Like every year, the video-sharing site YouTube asks its massive audience to vote on their favorite new commercials from the Super Bowl. And 2015’s crop of ads generated the biggest response yet.
The Super Bowl
With over 60 percent more votes than last year’s top pick, YouTube viewers voted a Nissan ad called “With Dad” as their top choice, but the mobile gaming company Supercell came in second with its Clash of Clans spot featuring actor Liam Neeson. This should mean even more attention for the top-grossing app on iOS and Android, and it is representative of a maturing market for games on smart devices. Clash of Clans was one of three games to have an ad play during this year’s NFL championship game, and all three were for mobile apps. With smartphone and tablet gaming reaching $25 billion in 2014, it’s not surprising that companies like Supercell are able to afford Super Bowl airtime as well as a top Hollywood actor like Neeson.
While Neeson and Clash of Clans were a runner-up in fan voting, it is actually the most viewed 2015 Super Bowl ad on YouTube. It is rapidly approaching 40 million total views. Nissan’s ad “only” has 22 million views.
The Clash of Clans ad’s combination of appeal and popularity is potentially a landmark moment for mobile gaming. It shows that not only can a developer afford to run a commercial like this, but they are also capable of making one that people enjoy.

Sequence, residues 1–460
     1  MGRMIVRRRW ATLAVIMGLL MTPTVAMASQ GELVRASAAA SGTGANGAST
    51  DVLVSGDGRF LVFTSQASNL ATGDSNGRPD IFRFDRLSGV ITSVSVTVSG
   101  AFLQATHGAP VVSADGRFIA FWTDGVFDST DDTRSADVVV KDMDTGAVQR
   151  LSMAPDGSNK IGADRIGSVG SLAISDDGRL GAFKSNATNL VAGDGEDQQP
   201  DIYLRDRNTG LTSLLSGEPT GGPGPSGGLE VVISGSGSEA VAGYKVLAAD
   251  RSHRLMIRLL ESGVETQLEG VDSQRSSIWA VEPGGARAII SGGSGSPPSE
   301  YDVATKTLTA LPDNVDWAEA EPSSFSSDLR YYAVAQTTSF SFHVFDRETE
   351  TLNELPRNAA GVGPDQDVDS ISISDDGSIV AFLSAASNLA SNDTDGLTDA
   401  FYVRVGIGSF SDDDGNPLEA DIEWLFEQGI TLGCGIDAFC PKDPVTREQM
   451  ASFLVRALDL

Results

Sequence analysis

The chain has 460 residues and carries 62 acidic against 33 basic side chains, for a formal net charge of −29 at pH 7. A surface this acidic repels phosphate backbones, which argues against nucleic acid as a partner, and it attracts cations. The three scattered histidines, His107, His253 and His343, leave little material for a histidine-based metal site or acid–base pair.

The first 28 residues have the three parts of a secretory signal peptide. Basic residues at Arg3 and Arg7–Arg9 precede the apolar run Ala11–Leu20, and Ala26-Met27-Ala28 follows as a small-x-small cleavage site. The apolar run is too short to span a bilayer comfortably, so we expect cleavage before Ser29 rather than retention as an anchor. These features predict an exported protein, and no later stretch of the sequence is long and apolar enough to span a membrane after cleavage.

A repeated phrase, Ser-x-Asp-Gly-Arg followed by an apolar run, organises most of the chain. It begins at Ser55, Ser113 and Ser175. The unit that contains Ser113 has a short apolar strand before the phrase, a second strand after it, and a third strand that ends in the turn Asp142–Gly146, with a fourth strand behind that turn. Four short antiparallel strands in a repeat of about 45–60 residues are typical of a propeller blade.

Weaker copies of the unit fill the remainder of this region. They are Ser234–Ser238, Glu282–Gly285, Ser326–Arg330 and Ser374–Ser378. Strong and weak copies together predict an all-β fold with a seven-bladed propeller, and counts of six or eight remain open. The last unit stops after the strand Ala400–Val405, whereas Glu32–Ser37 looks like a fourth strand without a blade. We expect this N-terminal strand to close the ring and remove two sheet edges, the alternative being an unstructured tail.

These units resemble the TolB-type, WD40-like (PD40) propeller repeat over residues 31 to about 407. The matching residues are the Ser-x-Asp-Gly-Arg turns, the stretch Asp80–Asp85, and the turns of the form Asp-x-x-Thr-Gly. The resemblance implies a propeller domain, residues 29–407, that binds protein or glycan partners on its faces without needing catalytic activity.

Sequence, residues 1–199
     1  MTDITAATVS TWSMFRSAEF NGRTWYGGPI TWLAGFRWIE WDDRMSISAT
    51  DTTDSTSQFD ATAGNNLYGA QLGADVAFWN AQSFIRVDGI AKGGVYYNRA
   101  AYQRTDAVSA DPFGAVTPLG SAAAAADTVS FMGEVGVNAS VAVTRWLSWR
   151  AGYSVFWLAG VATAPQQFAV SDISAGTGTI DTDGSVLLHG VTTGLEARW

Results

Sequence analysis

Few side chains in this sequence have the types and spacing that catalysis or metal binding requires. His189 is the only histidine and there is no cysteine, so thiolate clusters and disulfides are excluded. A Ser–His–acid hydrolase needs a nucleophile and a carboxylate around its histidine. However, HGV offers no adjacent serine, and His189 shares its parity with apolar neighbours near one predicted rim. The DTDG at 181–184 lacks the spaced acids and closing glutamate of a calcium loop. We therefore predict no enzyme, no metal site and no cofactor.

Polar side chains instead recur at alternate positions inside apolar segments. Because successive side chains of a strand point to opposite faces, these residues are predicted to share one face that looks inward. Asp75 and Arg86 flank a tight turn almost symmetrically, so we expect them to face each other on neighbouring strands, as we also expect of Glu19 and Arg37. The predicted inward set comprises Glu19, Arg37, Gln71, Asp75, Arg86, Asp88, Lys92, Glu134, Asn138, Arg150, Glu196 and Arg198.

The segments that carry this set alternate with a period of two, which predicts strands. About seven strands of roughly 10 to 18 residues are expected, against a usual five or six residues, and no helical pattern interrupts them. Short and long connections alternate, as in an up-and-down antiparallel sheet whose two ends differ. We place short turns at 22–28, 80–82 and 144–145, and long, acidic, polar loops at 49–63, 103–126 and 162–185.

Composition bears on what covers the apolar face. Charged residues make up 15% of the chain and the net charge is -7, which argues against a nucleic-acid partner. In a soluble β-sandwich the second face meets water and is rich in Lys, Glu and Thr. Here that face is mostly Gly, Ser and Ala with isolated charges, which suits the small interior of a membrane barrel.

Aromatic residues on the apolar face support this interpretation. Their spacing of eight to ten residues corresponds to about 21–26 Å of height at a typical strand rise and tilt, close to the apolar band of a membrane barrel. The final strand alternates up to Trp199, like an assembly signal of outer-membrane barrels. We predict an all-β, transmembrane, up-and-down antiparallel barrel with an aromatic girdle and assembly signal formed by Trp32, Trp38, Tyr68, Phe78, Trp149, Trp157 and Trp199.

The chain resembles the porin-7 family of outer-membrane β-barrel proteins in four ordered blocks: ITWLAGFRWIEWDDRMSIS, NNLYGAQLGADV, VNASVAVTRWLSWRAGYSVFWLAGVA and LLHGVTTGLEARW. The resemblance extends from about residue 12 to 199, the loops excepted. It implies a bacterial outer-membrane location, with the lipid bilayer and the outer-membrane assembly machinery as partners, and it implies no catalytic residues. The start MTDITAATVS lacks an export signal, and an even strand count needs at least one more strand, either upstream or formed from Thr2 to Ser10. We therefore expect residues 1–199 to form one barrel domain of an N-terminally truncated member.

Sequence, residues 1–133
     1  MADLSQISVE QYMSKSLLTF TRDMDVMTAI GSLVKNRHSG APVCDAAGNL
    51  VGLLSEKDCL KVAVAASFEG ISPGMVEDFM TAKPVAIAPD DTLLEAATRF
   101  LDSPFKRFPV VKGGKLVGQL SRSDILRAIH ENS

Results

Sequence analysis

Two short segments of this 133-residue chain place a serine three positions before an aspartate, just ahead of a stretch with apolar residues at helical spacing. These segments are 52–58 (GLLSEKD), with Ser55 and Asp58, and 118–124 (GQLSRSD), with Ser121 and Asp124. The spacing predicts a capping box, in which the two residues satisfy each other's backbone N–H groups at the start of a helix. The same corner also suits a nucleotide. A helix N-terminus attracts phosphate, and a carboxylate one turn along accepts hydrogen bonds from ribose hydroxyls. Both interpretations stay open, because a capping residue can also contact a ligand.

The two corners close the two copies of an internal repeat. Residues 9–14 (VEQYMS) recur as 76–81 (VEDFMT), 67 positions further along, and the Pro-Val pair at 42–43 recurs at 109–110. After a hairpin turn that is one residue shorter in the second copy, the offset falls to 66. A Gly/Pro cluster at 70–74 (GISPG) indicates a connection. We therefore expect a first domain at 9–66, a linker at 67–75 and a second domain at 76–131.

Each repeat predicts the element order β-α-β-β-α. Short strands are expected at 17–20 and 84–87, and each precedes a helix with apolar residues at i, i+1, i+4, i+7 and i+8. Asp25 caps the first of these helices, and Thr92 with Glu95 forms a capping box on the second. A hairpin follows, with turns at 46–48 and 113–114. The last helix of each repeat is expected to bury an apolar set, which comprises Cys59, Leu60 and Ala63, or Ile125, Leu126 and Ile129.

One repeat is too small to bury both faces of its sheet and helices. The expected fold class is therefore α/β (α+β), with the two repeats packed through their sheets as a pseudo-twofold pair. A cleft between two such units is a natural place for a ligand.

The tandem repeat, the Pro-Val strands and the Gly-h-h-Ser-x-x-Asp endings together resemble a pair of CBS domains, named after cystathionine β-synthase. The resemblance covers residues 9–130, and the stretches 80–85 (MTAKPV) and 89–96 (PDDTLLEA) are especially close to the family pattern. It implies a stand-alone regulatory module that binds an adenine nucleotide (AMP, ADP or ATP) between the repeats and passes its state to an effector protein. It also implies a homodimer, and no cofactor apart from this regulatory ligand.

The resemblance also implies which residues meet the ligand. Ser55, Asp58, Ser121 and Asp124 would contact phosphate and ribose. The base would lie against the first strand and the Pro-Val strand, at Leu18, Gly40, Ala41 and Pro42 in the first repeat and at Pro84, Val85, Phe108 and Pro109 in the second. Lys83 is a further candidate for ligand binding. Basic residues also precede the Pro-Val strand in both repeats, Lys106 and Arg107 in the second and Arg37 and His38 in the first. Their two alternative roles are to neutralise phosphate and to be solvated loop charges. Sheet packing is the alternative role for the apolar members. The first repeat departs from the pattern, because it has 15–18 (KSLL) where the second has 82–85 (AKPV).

“Digital marketing in mobile games is growing up,” SuperData lead researcher and founder Joost van Dreunen told GamesBeat. “The combination of a lower than expected cost-per-install around the holiday season and not one, but three titles advertising during the SuperBowl are signs that the industry has changed from a year ago.”
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At this point last year, nearly every mobile-gaming outfit was focusing all of their marketing efforts on in-game ads and other channels like Facebook. But now TV is a big part of the strategy for several different studios. In addition to Supercell, Machine Zone ran an ad for Game of War with swimsuit model Kate Upton and developer Ucool ran a 15-second spot for its Heroes Charge game. All three titles are similar in structure with base-defending strategy mechanics.
“The combined spending of Ucool at $2.25 million, Machine Zone at $4.5 million, and Supercell at $9 million on their ads triggered a flurry of buzz both in the industry and among consumers,” said van Dreunen.